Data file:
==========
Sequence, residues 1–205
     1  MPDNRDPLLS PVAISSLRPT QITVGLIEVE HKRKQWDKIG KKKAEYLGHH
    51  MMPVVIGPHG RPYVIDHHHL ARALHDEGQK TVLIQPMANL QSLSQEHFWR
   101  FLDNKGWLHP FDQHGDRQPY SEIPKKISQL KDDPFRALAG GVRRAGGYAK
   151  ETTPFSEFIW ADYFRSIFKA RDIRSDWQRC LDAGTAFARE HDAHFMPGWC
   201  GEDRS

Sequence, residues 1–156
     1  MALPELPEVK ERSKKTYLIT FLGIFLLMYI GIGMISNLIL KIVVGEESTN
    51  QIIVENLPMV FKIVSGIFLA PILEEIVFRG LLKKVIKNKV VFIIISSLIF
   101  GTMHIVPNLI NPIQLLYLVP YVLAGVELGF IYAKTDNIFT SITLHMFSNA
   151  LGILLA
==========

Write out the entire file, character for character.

Sequence, residues 1–205
     1  MPDNRDPLLS PVAISSLRPT QITVGLIEVE HKRKQWDKIG KKKAEYLGHH
    51  MMPVVIGPHG RPYVIDHHHL ARALHDEGQK TVLIQPMANL QSLSQEHFWR
   101  FLDNKGWLHP FDQHGDRQPY SEIPKKISQL KDDPFRALAG GVRRAGGYAK
   151  ETTPFSEFIW ADYFRSIFKA RDIRSDWQRC LDAGTAFARE HDAHFMPGWC
   201  GEDRS

Sequence, residues 1–156
     1  MALPELPEVK ERSKKTYLIT FLGIFLLMYI GIGMISNLIL KIVVGEESTN
    51  QIIVENLPMV FKIVSGIFLA PILEEIVFRG LLKKVIKNKV VFIIISSLIF
   101  GTMHIVPNLI NPIQLLYLVP YVLAGVELGF IYAKTDNIFT SITLHMFSNA
   151  LGILLA